Logs and blogs: uncovering Westonbirt’s history of recording events

Posted: September 16, 2010 at 09:16 am Author: Katrina Podlewska

In the last few weeks I have been exploring the log books of W.J. Mitchell, Westonbirt Arboretum’s first curator. These books have been incredible to read, and offered fantastic quotes and stories of life at Westonbirt from the 1920s to the 1950s.

As quirky quotes, tales of extreme weather and the annual task of autumn colour have been uncovered, I’ve found it entertaining to be writing about Mitchell’s logs and speaking to people at BBC Points West and BBC Radio Gloucestershire from the same room in which they were written in Keeper’s Cottage, now Westonbirt’s marketing office.

The hand-written diaries were loaned to Westonbirt by Mitchell’s grandson, John Earley, who still lives nearby and used to visit Keeper’s Cottage as a child in his holidays. Mitchell lived in the cottage between 1927-50. Whilst the pages of Mitchell’s log books have been scanned onto Westonbirt’s database and transcribed by a volunteer, Mr. Earley still holds the original leather bound copies with great pride.

Showing real emotion through his intricate handwriting, Mitchell charts weather patterns and his attempts to predict autumn colour – something Simon Toomer, Westonbirt’s Director says is still an entertaining annual activity at Westonbirt.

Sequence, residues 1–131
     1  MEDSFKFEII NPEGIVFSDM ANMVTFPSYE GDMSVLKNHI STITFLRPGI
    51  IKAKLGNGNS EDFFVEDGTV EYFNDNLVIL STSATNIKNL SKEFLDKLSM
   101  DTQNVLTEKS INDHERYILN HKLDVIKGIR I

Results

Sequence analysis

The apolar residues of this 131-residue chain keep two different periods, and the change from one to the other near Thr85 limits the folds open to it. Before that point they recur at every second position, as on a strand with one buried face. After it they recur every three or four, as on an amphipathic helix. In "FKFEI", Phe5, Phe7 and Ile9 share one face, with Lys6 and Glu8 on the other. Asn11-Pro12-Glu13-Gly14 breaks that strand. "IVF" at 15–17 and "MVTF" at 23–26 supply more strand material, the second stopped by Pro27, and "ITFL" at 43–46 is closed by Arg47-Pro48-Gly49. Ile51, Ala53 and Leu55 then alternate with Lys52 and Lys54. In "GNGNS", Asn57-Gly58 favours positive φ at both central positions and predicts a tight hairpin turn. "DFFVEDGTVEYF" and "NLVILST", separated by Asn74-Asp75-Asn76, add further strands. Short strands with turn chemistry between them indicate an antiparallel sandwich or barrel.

After nearly 10 years of keeping the log and trying to predict the weather patterns conducive to autumn colour, Mitchell also admitted this task can be full of surprises and wrote:

“As to what these conditions are, it is difficult to say with any certainty, up to this year I have always thought a wet and sunless summer not conducive to good colouring, but after this summer and autumn I shall modify this opinion.”

Mitchell wrote at least two of these log books and we aim to have the second transcribed shortly. We then hope to make these wonderful stories available to people online – perhaps turning yesteryear’s logs into today’s blogs.